Scientists monitoring increased radiation levels at Chernobyl Nuclear Power Plant are considering whether human intervention may be required to prevent a further catastrophe.
It was reported last week that sensors in one of the basement rooms containing solidified fuel (FCMs) from the remains of the destroyed nuclear reactor had been picking up increased levels of neutrons over the past four years, signalling the nuclear fission process has restarted.
Nuclear scientists monitoring the activity say they aren’t sure why the reactions are increasing, and they can’t rule out the possibility of an accident should levels continue to rise. Now, authorities are working to figure out a solution.
In the immediate aftermath of the Chernobyl disaster in 1986, volunteers were sent into the remains of the reactor building to drain radioactive ‘lava’ from the basement. A similar operation took place in 1990, when a volunteer entered the basement rooms to spray a reaction-preventing gadolinium nitrate solution on some FCMs that had reached critical levels.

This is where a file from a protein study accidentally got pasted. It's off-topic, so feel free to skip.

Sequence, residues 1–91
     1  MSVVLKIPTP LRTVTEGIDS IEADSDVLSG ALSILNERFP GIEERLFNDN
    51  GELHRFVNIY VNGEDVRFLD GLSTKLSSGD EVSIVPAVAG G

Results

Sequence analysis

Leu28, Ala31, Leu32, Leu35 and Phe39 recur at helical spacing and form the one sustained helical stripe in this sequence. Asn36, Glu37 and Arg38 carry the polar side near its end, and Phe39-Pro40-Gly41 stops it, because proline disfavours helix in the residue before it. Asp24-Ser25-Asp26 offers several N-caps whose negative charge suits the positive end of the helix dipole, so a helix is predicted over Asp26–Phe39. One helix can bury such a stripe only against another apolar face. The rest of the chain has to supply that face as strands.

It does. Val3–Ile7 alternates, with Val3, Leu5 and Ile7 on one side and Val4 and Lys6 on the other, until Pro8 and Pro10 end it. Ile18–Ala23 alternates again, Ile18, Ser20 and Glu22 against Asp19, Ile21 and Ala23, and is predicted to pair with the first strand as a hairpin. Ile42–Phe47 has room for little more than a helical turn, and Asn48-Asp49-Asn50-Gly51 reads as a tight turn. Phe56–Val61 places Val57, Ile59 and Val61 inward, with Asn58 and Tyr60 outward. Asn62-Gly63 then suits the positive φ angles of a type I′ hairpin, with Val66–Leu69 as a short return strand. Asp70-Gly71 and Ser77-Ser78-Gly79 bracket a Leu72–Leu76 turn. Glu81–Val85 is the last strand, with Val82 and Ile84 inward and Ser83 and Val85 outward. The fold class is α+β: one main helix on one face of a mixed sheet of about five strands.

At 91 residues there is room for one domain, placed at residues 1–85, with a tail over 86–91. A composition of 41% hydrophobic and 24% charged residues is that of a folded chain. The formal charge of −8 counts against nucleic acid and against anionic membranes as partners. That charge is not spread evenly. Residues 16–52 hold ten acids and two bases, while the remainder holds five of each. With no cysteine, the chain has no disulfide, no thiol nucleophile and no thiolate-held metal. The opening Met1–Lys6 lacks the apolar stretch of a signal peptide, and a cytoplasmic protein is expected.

For obvious reasons, sending a human into a highly radioactive room is something scientists would ideally like to avoid, but alternative options are limited.
Science Magazine reports one possible response being considered is to develop a robot capable of handling radiation exposure to drill holes in the roof of the basement room. From there, boron cylinders could be inserted into the materials to act as ‘control rods’ absorbing excess neutrons.
The Ukrainian government has also been working on a long promised plan to remove the solidified fuel materials from the reactor’s remains and store them in a safe environment, but it’s still not clear exactly how that could be achieved.
Experts at the Institute for Safety Problems of Nuclear Power Plants National Academy of Sciences of Ukraine say they’re monitoring activity in the basement rooms, but as reactions increase, so does the risk of an ‘uncontrolled release of nuclear energy,’ meaning sooner or later, humans may need to step in.